Writing a Book Review

reader feedback-1978036_960_720Book reviews are essential to writers. While we do our best to communicate the essence of our stories through our book descriptions, the reviews from readers tend to go deeper, revealing some of the more detailed layers of our stories to other potential readers. Just think back — do you read reviews of books you’re thinking of buying? And have you ever been swayed to buy/not buy after reading a review? Reviews are immensely important.

However, I’ve heard from lots of readers that they don’t leave reviews. Why? Various reasons. They don’t feel like they know how to write a good review. They don’t know what to say. Perhaps they don’t feel their writing skills are up to par, and are worried about it not being perfect. They think they have to write at length.

Understandable, but none of these need to scare a reader off.  Let’s see if we can break reviews down into smaller chunks so they’re more easily rendered.

Length

Reviews don’t have to be long. We don’t need a dissertation here. A review can be as short as, “I loved it!” or as long as… well, a dissertation, or anything in between. One or two lines, one or two paragraphs, a page — any length at all is fine. There are no “review police” who are going to hunt you down if you only write one sentence.

What to Say

This, of course, is wide open to interpretation. All reviews are subjective, readers’ opinions, so they can be about any aspect of the book. Here are a few to consider.

Type of Book

What’s the genre of the book? Romance, thriller, fantasy, horror? Whatever genre it is, is it faithful to that genre? There’s nothing worse than thinking you’re getting a romance and then finding out it’s a slasher story. Did the book fulfill your expectations? Exceed them or fall short? Why?

Characters

Did you like the characters? Why? Perhaps they embodied qualities you admire: honesty, compassion, integrity. Or, alternatively, perhaps they were very different from you, and gave you insight into the mental and emotional processes of personalities you’re not familiar with. Perhaps they were angry and stubborn, closed off due to events in their past which they were only able to confront after being forced into a corner. Likewise, if there was a specific villain, how did you relate to him/her? We’ve all heard about people “we love to hate;” sometimes a good villain drives a story as well as a good protagonist. Were all the characters believable? Could you see them in your mind’s eye doing the things they were doing, or did you find yourself rolling your eyes and thinking, “Oh, come on!” And were the characters fully rounded? Not two-dimensional cut-outs, but complex, layered personalities. No one is all good or all bad; flaws in the characters keep them real, and keep them interesting.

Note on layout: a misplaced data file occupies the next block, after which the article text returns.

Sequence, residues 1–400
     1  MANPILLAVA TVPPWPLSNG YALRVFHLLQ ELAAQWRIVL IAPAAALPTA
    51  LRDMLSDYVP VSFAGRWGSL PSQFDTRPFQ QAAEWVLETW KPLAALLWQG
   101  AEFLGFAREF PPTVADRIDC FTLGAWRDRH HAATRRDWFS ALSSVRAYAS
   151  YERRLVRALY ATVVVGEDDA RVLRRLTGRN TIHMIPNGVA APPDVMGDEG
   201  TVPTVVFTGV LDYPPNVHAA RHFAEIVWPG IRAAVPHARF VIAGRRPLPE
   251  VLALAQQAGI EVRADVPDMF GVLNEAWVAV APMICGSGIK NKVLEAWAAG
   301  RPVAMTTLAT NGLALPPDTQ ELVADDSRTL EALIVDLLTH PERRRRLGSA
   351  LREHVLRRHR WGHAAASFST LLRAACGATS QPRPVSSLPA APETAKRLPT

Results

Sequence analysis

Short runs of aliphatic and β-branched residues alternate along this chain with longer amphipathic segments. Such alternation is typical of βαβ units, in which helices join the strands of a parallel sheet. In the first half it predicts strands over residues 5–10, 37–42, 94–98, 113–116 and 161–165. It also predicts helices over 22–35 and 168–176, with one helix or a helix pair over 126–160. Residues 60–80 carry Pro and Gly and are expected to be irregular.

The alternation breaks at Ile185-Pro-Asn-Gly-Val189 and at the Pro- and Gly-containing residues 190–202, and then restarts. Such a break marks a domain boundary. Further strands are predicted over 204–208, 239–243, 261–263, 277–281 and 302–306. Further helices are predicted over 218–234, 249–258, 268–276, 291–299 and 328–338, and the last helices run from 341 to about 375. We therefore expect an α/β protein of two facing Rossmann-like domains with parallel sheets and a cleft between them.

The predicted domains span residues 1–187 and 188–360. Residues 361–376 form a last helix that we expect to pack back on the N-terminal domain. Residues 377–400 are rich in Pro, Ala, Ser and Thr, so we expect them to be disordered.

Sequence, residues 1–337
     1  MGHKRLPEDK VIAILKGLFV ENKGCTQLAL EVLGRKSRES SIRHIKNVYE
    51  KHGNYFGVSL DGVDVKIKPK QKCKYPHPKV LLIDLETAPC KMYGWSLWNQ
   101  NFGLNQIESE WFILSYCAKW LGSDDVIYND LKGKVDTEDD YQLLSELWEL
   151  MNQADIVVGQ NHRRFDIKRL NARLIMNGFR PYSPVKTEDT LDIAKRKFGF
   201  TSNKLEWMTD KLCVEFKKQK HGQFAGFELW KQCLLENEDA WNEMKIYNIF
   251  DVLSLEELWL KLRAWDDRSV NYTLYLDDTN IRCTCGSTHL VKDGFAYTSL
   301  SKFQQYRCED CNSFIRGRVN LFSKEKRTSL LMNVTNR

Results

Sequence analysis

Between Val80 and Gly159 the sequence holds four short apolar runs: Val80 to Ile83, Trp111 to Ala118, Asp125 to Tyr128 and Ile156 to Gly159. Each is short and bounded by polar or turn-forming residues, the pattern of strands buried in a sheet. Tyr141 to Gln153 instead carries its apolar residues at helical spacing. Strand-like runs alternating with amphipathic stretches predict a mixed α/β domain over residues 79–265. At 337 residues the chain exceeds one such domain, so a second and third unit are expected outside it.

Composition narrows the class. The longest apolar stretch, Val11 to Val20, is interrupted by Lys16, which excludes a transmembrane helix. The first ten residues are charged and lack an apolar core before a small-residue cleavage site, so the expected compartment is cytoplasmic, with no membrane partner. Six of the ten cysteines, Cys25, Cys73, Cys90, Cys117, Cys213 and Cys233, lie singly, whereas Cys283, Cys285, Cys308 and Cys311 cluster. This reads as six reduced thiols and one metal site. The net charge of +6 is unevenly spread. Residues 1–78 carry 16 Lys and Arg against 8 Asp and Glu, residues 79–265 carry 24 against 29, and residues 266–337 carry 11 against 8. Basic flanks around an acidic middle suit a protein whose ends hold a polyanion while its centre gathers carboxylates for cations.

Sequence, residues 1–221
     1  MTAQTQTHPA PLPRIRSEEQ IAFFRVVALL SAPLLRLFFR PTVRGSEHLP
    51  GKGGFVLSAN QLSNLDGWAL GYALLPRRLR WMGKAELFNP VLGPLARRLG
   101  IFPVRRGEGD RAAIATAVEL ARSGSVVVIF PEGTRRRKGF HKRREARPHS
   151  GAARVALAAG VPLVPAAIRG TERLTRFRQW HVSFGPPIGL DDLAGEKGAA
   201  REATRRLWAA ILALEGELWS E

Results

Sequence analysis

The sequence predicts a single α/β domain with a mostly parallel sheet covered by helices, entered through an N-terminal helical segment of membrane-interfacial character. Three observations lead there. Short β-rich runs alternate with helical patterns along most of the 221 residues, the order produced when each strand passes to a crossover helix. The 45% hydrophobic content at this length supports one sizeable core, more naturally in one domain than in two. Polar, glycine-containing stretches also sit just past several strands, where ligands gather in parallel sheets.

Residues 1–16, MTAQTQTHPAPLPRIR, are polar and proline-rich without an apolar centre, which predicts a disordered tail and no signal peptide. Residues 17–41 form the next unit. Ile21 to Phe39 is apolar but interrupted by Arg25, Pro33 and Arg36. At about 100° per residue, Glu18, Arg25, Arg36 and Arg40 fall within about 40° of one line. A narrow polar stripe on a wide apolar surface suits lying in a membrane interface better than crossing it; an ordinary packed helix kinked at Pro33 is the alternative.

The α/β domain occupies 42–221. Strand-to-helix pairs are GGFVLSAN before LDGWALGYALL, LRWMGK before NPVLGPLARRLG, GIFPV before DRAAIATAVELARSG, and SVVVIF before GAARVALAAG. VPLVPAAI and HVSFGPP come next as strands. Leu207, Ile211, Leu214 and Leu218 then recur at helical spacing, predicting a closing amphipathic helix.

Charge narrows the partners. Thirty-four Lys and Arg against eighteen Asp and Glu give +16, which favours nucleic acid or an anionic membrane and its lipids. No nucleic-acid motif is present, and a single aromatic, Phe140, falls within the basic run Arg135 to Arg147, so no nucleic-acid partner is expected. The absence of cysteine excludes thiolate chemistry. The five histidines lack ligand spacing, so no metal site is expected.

Dialog

Realistic dialog can be difficult to write. Remember the old movies (Bogart, et al) where a character comes off with a full soliloquy, talking non-stop for fifteen minutes? Does anyone actually talk like that? Most discussions are back-and-forth, give-and-take. If the dialog in a book is done correctly, you might feel like a fly on a wall, listening in to real people talking about real things. If it sounds like a lecture, then not so much. If it’s used to recap the story (“Bob, you’ll remember I told you that…”), that’s not realistic. If the characters use each other’s name with every sentence (“Bob, I need to talk to you.” “Okay, Marsha. What’s up?” “Bob, there’s a problem…”), that’s not the way people really talk. You don’t have to be an English professor to know if the dialog feels real or not.

Story Line

Did you find the twists and turns of the plot to be entertaining? Surprising? Exciting? Remember that you don’t really need to retell the story in your review. If there were places in the story that surprised you, don’t spoil the surprise for the next reader. If you do feel the need to reveal surprises, do so with a ***SPOILER ALERT*** so those readers who don’t want to know can choose to read on or not. Was the pace of the story good? Did it pull you along, or did it bog down in the middle? Were you compelled to keep turning pages? Did you wonder how it would end, or was it fairly predictable? Did any parts of the story line not make sense? Were there gaps in the story, places where the characters seemed to act without motivation? Any places in the book that made you stop and say, “Huh?”

Writing Style